Digital business cards provide an efficient, minimalist, and safe method to create a different omnichannel experience.
While business cards play a crucial role in a brand's identity because they provide potential customers with their initial physical impression. The design of the card, including the logo, layout, and illustrations, contributes to this identity.
Over 90% of business leaders see the reality of B2B omnichannel—where customers buy through various channels—as more significant than before the pandemic. So what's the story about a digital business card?
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A digital business card is a modern and secure way to exchange professional or personal information. Just like traditional business cards, they contain contact details. However, digital business cards go a step further by including an online component, such as social media usernames or a web link.
Digital or electronic business cards store information in an online format known as .vcf (virtual contact file). It has features such as NFC tags, or QR codes. Hence, people can easily share this contact card through email or social media.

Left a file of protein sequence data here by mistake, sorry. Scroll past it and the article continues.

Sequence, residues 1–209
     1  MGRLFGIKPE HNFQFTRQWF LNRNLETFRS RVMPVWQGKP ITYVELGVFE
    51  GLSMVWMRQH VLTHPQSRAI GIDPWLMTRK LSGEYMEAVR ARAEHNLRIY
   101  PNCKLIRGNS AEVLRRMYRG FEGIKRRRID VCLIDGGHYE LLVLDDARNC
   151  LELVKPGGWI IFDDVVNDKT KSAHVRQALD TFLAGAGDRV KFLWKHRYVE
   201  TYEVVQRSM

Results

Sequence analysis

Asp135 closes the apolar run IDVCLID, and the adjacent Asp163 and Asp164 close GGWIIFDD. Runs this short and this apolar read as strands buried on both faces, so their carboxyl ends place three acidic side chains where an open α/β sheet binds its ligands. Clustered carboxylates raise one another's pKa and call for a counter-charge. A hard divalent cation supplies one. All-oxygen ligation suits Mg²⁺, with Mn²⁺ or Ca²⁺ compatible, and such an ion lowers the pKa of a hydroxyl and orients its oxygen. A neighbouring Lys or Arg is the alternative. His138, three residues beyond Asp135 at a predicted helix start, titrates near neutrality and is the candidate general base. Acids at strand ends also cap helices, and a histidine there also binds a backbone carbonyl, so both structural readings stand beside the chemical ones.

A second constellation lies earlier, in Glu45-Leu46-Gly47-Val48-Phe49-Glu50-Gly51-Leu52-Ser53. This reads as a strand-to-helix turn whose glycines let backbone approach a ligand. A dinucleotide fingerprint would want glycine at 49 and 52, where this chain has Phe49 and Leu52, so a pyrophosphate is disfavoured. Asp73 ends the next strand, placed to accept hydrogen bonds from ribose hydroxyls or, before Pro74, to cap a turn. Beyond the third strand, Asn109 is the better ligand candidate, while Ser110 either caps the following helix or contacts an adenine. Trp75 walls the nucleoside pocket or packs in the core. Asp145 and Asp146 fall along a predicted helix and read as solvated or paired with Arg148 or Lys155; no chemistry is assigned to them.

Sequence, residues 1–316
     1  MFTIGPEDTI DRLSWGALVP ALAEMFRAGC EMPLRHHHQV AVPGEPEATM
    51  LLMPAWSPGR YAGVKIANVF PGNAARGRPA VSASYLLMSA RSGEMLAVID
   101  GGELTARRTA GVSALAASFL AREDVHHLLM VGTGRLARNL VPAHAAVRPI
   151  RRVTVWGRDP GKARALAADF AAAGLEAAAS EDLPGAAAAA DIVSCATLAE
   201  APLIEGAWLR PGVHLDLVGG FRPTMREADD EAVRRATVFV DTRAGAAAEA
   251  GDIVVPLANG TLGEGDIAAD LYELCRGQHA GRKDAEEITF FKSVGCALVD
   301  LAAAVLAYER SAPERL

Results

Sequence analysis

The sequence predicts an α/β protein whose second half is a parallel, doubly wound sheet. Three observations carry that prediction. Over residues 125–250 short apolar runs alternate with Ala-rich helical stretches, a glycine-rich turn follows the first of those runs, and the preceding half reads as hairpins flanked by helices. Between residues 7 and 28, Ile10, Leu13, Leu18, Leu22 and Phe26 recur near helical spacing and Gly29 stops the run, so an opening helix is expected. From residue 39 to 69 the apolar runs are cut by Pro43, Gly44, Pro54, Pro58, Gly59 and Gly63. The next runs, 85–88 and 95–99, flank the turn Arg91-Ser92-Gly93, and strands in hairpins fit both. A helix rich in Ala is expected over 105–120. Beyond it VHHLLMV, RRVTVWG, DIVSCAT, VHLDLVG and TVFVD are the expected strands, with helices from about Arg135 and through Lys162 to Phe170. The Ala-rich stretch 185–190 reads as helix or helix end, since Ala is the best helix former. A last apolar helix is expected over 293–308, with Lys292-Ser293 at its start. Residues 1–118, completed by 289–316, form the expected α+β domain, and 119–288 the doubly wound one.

Companies can even place them on paper business cards and other materials like emails, printed receipts, and social media images. The convenience of accessing information instantly and being able to save it for later use are significant advantages of using digital business cards.
Business cards are mainly used to exchange information. In the past, this was done using printed cards, which you simply took out of your pocket and gave to someone.
While giving your card is a quick process, there's a chance the other person might lose it. Also, your card will likely end up in a pile with other cards and be forgotten. After all, if they need something, their first thought would be to take their phone and search for it on Google.
Some digital cards, when shared on a smartphone, will automatically add you to their contact. Hence, you know they will always have your details with them.
When you make a business card, it usually has only your basic info—your name, job, email, and phone number. There might be a link or two, guiding your contact to your professional social media accounts. But that's all. If you try to add more, you might make your card messy and less nice-looking.
This isn't a problem with digital business cards. Instead of putting lots of links on your card, you can use a QR code or web link that goes to your "Link in Bio" page to share all your profiles. This way, your contacts can follow you on their favourite social media site.
Digital business cards offer more than just connecting on social media. Since you can add almost any link to these cards, you can use this feature to include all sorts of information.
For example, if you have a restaurant and want to guide people to it, you can put a Google Maps link on your digital card. This means when your contacts are searching for a place to eat, they can simply open your card and tap the link to get directions straight to your restaurant.